The Poetry of Grief and The Music of Protest

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Photographs of the nine victims killed at the Emanuel African Methodist Episcopal Church in Charleston, South Carolina are held up by congregants during a prayer vigil on June 19, 2015.
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This week, the mass murder of nine people at the Emanuel African Methodist Episcopal Church in Charleston, South Carolina shocked the nation.

Hours after the shooting in Charleston, The Takeaway reached out to the new poet laureate of the United States, Juan Felipe Herrera. Like so many other Americans, Herrera was mourning the loss of his fellow citizens that were taken in the brutal attack.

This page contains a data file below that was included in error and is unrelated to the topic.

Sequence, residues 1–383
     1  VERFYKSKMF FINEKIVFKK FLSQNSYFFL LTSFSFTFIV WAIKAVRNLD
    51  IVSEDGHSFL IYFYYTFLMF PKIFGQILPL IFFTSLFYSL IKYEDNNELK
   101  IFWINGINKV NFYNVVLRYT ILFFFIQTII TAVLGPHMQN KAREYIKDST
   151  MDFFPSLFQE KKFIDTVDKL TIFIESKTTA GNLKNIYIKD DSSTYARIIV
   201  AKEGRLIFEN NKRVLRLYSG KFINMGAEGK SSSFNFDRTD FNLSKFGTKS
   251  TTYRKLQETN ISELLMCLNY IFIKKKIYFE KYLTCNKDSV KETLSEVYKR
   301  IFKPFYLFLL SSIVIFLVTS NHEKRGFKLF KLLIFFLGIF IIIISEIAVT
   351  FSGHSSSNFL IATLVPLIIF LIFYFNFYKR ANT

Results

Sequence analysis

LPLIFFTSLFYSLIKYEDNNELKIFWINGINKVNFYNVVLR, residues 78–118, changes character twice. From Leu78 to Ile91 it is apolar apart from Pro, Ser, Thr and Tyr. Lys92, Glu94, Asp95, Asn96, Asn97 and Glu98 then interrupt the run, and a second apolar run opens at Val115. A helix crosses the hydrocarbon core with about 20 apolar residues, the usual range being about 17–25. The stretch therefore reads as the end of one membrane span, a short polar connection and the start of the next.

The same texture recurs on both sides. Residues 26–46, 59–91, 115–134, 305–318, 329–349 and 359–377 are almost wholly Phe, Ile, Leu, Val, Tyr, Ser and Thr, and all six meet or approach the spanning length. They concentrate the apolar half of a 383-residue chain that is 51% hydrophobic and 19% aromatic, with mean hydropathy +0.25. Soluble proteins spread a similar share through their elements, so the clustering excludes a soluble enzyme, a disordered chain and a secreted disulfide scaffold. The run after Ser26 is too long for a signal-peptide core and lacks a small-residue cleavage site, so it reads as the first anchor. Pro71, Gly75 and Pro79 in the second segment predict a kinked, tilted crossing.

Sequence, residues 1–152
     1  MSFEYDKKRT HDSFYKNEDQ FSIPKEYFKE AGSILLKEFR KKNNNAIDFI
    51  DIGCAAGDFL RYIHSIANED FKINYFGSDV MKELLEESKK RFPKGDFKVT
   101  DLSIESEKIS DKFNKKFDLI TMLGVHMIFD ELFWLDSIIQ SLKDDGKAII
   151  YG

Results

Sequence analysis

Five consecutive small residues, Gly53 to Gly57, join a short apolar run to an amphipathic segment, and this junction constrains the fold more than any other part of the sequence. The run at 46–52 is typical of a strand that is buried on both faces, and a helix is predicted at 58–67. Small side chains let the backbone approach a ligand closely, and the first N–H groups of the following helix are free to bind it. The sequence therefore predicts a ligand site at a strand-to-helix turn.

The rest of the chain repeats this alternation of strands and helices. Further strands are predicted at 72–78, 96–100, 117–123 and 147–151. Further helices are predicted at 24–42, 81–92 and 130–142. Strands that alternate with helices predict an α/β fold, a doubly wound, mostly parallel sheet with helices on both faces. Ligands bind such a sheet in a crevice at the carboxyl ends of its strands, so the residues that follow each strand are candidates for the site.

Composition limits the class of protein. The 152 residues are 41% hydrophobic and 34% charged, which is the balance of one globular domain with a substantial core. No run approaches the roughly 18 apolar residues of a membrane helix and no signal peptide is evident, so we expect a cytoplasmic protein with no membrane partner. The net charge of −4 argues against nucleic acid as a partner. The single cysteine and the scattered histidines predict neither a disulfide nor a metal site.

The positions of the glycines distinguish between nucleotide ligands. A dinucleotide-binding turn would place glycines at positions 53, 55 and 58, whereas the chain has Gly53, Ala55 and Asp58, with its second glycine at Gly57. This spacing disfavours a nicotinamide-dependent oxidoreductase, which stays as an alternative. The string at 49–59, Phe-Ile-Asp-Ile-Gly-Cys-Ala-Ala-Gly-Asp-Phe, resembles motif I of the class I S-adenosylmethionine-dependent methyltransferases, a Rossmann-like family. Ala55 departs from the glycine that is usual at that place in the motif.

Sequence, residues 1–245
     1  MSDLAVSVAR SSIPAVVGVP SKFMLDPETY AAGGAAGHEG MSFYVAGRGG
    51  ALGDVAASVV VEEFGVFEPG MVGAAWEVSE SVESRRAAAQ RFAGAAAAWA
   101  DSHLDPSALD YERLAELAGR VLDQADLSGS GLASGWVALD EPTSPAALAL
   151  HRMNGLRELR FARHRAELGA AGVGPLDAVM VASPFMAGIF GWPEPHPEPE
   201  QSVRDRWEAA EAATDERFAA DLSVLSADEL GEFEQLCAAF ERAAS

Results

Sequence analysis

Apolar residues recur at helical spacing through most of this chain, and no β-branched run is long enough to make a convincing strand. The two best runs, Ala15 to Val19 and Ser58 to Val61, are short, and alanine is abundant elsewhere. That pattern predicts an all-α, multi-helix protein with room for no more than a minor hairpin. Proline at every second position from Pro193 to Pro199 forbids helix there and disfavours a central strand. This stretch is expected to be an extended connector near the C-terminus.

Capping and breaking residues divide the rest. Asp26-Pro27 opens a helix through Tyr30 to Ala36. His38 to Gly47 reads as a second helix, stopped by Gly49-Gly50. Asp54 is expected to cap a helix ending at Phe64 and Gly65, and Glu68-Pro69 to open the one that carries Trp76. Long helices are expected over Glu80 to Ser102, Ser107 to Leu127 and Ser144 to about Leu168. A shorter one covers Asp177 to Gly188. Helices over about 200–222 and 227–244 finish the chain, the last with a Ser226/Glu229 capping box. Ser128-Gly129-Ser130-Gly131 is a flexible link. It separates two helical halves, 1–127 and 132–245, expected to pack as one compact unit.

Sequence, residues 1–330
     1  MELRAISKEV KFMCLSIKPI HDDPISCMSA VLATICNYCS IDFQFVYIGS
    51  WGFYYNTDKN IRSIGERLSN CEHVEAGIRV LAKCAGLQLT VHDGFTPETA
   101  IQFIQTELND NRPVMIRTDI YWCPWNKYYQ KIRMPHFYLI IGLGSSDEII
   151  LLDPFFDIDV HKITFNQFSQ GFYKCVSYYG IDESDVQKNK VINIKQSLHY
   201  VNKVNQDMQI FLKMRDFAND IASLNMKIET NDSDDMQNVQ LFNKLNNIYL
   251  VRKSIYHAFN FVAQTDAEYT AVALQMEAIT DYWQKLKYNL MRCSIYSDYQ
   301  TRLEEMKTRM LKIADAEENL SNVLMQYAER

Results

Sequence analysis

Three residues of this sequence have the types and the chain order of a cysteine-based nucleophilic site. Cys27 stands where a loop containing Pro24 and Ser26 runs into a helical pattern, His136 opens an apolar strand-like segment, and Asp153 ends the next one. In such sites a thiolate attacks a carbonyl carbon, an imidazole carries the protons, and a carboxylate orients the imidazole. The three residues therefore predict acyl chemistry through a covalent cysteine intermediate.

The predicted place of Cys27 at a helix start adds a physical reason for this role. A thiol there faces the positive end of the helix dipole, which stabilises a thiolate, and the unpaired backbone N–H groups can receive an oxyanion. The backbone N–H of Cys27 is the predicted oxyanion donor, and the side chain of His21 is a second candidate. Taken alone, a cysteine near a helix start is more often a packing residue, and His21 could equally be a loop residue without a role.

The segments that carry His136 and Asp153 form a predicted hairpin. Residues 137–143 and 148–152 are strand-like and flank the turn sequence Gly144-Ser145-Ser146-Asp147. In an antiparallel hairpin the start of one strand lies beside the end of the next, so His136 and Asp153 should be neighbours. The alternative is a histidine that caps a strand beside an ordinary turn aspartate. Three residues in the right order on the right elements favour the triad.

What does it mean to be a national poet in this time of grief? He explores tragedy, history, and poetry in the latest edition of The Takeaway Weekender Podcast.

But poetry isn’t the only medium artists turn to express their grief or discontent—music is also a powerful avenue for protest.

For Grammy Award-winning musician Tom Chapin, the oil boom in places like North Dakota and Wyoming has become dangerous as fracking takes hold.

With the help of music producer Jason Samel, Chapin and other artists will release a new record this week, "Buy This Fracking Album," in hopes of raising awareness of the dangers of fracking.

Samel and Chapin join The Takeaway this weekend to explain how they’re rethinking protest music in the age of Instagram.